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Marchionne Sees Slowdown as Peugeot Warns of Recession: Cars

September 14, 2011

(For more coverage of the International Motor Show in Frankfurt, see {SHOW <GO>}.

Sep. 14 (Bloomberg) -- Europe’s car industry will struggle to grow in 2012 as a worsening credit crisis prompts consumers to rein in spending, with Fiat SpA saying it may delay the start of new models as a result of a global slowdown.

Ford Motor Co. expects industrywide sales in Europe to be little changed at between 14.7 million to 15.3 million units next year, Europe head Stephen Odell said at the International Motor Show in Frankfurt yesterday. Fiat Chief Executive Officer Sergio Marchionne said 2012 will be “difficult” and Volkswagen AG said growth next year won’t be as strong as it had predicted.

“Europe is facing a period of weak growth or even recession,” Peugeot SA CEO Philippe Varin said at a briefing at the show. The French carmaker, also reliant on Europe for most of its sales, will eliminate jobs and review the future of its Aulnay plant in 2014 because of a “competitiveness problem” with French small-car manufacturing, he said.

The Stoxx 600 Automobiles & Parts Index has slumped 27 percent this year after advancing 45 percent in 2010. Shares in Fiat, which relies on southern Europe for much of its revenue, have lost 46 percent. Peugeot, Europe’s second-biggest carmaker after VW, now has a market value of 3.9 billion euros ($5.3 billion) after falling 41 percent this year.

European services and manufacturing growth weakened in August on tougher austerity measures and waning global demand. Economic confidence plunged last month after the region’s recovery lost momentum in the second quarter.

Weakest Since 1980s

“The Italian market hasn’t been so weak since the 1980s,” Marchionne, who is also CEO of Chrysler Group LLC, told reporters at the show. Fiat may delay the introduction of new models globally and won’t consider selling shares in its Ferrari SpA unit in such a market, he said. Plans to buy the remaining stake in Chrysler are also on hold, he said.

Global auto sales should rise 4.1 percent to 53.9 million cars in 2011, and may continue growing to 57.9 million units in 2012, according to research firm IHS Automotive. The forecasted gains are smaller than was expected couple weeks ago, said Ian Fletcher, a London-based IHS analyst.

Most of that growth may come from luxury cars. Executives from Daimler AG, Bayerische Motoren Werke AG and VW’s Audi unit say their factories are still running at full tilt. Audi today raised its full-year sales forecast to 1.3 million vehicles from 1.2 million.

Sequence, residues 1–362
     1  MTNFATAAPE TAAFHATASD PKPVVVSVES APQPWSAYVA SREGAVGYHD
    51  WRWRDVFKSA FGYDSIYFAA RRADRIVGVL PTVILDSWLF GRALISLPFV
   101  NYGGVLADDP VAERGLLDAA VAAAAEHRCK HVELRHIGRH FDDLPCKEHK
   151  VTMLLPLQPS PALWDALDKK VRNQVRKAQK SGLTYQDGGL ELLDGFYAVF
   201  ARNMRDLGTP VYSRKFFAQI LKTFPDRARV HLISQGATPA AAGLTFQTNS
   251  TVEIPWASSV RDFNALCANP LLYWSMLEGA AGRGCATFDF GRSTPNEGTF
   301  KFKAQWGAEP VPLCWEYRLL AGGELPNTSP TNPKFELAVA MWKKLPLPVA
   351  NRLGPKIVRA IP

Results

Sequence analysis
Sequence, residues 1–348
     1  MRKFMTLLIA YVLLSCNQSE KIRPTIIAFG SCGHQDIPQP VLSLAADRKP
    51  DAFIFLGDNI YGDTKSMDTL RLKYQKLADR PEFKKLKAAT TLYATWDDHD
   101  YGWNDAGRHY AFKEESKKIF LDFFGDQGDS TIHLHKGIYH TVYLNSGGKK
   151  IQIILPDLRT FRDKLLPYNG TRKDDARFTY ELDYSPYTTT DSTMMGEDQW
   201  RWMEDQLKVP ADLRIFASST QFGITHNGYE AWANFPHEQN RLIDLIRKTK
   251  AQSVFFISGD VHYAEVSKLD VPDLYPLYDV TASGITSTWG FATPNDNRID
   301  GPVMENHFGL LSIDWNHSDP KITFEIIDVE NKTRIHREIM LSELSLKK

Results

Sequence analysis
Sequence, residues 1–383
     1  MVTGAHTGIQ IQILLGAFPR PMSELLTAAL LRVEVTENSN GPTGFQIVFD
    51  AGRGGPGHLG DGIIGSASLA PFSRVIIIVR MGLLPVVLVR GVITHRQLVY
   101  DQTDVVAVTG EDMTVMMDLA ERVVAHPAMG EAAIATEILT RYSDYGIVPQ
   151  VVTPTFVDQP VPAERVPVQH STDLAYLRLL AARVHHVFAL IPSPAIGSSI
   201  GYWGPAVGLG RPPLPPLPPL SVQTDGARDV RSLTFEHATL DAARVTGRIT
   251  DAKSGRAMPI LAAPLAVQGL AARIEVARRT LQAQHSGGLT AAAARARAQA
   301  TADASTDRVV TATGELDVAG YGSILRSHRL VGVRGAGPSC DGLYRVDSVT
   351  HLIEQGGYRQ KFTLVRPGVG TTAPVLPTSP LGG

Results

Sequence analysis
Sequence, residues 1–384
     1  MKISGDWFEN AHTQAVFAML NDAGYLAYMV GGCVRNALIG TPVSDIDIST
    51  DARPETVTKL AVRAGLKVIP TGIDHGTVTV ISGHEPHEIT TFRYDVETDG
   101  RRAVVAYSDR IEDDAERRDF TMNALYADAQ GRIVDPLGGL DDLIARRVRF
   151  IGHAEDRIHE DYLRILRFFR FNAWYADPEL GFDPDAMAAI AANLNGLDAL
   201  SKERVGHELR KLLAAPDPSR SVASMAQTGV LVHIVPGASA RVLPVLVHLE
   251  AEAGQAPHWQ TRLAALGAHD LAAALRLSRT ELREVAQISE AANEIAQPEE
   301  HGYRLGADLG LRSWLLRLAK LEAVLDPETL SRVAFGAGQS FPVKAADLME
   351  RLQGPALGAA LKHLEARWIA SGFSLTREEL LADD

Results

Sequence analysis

No Recession

“For 2012, we see a higher likelihood of a slowdown of growth rather than a recession,” Daimler CEO Dieter Zetsche said to reporters at the Frankfurt motor show. “Our order intake has been unaffected, which means a continuation of very strong demand for passenger cars and commercial vehicles.”

Ferrari expects record sales of 7,000 cars this year, with Greater China becoming its second-biggest market. BMW’s Rolls- Royce Motor Cars hasn’t experienced a slowdown and is “bullish” on sales prospects, CEO Torsten Mueller-Oetvoes said in an interview with Bloomberg Television.

Even as current business appears insulated from the economic risks, BMW is equipped for a slowdown after trimming costs and reducing its leasing business to lower financial risk during the 2009 recession, Chief Financial Officer Friedrich Eichiner said, adding that BMW could withstand a similar crisis without its automotive business slipping to a loss.


“Right now we have no indication of a decline in the market, but if it comes we are more prepared than in 2008, with respect to our financial strength and flexibility in our plants,” Volvo Cars CEO Stefan Jacoby said.

Volvo, which employs about 20,000 people globally, has a bigger share of temporary workers today than in 2008, allowing it to respond faster to a potential slowdown, he said.

“The global automakers are in a much stronger position balance-sheet wise versus the beginning of the crisis in 2008, so the risk of immense cash-burn and state bailouts is no longer a near-term risk,” David Arnold, a London-based Credit Suisse analyst, said in a phone interview. “Emerging markets, which have been the savior to this sector the last three years, especially on the premium side, are the big X factor.”

--With assistance from Chris Reiter, Andreas Cremer, Tommaso Ebhardt, Laurence Frost and Angela Cullen in Frankfurt. Editors: Heather Harris, Chad Thomas

To contact the reporters on this story: Ola Kinnander in Stockholm at;

To contact the editor responsible for this story: Chad Thomas at

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